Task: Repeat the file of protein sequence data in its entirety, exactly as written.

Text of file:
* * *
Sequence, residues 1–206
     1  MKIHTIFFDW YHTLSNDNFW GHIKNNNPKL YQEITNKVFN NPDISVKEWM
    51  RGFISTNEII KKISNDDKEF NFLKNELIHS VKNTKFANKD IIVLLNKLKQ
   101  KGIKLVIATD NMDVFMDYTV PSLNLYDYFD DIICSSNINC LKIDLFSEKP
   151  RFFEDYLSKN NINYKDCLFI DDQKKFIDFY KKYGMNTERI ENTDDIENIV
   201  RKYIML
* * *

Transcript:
Sequence, residues 1–206
     1  MKIHTIFFDW YHTLSNDNFW GHIKNNNPKL YQEITNKVFN NPDISVKEWM
    51  RGFISTNEII KKISNDDKEF NFLKNELIHS VKNTKFANKD IIVLLNKLKQ
   101  KGIKLVIATD NMDVFMDYTV PSLNLYDYFD DIICSSNINC LKIDLFSEKP
   151  RFFEDYLSKN NINYKDCLFI DDQKKFIDFY KKYGMNTERI ENTDDIENIV
   201  RKYIML